at any rate, i finished his book several weeks back and it's one of those writings that has really struck with me. RIP nick johnson.

Karl Malone, Sunday, 14 January 2018 19:11 (one year ago) Permalink

yes! great book. i didn't make the government bureaucracy connection with you, but it makes sense that would ring true for you.

gonna post this again now we have embeds

https://www.youtube.com/watch?v=qz2SeEzxMuE

π” π”žπ”’π”¨ (caek), Monday, 15 January 2018 05:28 (one year ago) Permalink

three weeks pass...

(xpost with new yorker thread)

i haven't read this yet but even a quick scroll through suggests it will be good:

https://www.newyorker.com/magazine/2018/02/12/the-white-darkness

Karl Malone, Friday, 9 February 2018 01:26 (one year ago) Permalink

Encounters at the End of the World was so good. just interviewing all of the random people from all over the globe that end up there was v fascinating. the spooky minimal wildlife stuff was interesting as well. like when they are listening to the seals under the ice and it sounds like the most insane synthesizer filters. the place looks otherworldly beautiful - the cathedrals of ice sculptures reflecting light underneath the vast frozen seas, the crystal caves, the blinding force of the winds, the extremophiles that survive without oxygen, sunlight, or carbon. its all so extra-terrestrial!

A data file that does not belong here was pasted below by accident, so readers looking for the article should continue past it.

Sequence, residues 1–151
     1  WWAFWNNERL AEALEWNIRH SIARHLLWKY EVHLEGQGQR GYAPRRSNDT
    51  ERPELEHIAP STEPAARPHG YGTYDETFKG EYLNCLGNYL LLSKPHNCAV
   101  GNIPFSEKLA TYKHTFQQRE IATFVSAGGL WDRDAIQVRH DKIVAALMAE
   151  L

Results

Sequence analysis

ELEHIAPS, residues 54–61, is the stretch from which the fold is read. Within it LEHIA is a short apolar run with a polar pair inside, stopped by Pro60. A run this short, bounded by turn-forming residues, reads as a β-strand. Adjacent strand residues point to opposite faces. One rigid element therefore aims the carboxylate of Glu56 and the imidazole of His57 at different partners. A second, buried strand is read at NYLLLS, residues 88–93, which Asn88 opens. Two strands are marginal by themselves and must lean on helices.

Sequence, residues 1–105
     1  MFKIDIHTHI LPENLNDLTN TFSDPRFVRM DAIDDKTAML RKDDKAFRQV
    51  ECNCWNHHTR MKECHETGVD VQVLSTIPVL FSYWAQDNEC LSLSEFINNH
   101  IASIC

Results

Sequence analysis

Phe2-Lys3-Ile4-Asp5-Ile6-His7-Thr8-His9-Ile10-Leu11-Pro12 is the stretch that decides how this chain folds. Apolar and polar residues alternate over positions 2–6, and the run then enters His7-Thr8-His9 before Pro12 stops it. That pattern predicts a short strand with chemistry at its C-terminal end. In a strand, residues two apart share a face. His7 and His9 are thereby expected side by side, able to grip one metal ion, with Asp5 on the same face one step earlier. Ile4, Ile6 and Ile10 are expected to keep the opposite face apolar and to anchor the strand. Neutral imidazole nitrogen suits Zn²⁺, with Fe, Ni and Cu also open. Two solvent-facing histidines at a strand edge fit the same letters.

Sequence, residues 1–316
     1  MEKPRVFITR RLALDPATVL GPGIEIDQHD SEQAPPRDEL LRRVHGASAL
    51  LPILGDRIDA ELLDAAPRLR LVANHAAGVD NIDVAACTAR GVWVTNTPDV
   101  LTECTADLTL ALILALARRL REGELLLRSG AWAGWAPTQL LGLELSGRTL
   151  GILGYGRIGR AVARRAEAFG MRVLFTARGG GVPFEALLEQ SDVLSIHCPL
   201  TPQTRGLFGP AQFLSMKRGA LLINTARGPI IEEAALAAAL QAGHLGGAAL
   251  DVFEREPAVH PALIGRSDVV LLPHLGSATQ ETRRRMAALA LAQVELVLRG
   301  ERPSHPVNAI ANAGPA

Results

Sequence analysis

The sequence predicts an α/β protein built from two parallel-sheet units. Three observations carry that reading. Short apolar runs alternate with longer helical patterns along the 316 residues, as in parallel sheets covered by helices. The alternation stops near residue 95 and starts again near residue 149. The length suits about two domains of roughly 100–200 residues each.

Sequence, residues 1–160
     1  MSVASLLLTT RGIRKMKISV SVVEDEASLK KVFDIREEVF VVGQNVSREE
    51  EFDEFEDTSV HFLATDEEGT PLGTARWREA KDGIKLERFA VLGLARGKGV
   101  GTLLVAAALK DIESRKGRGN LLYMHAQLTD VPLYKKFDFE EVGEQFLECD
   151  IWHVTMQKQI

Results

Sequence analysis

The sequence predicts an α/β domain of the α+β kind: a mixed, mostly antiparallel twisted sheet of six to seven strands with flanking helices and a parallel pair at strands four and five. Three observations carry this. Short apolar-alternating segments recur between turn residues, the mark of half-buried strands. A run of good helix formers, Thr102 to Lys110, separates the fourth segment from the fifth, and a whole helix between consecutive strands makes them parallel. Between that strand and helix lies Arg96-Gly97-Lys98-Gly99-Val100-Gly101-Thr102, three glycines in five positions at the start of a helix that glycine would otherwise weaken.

AdamVania (Adam Bruneau), Friday, 9 February 2018 01:56 (one year ago) Permalink

Extremophiles are the ultimate adventurers. These organisms thrive where other microbes don’t dare venture: boiling water holes, freezing lakes, and toxic waste dumps.

Now, researchers have sequenced the genomes of two extremophiles that love life extremely cold. They live at the bottom of Ace Lake in Antarctica, where there is no oxygen and the average temperature is a brutal 33 degrees Fahrenheit.

The two organisms, called Methanogenium frigidum and Methanococcoides burtonii, produce methane and are known as methanogens.

Methanogens are unique among organisms in their ability to survive a wide range of temperatures, from the freezing point of water to 185 degrees Fahrenheit and everything in between.

In a new study, scientists sequenced the genomes of M. frigidum and M. burtonii and compared their genomes with those of heat-loving methanogens to identify features that may help these microbes adapt to their cold surroundings.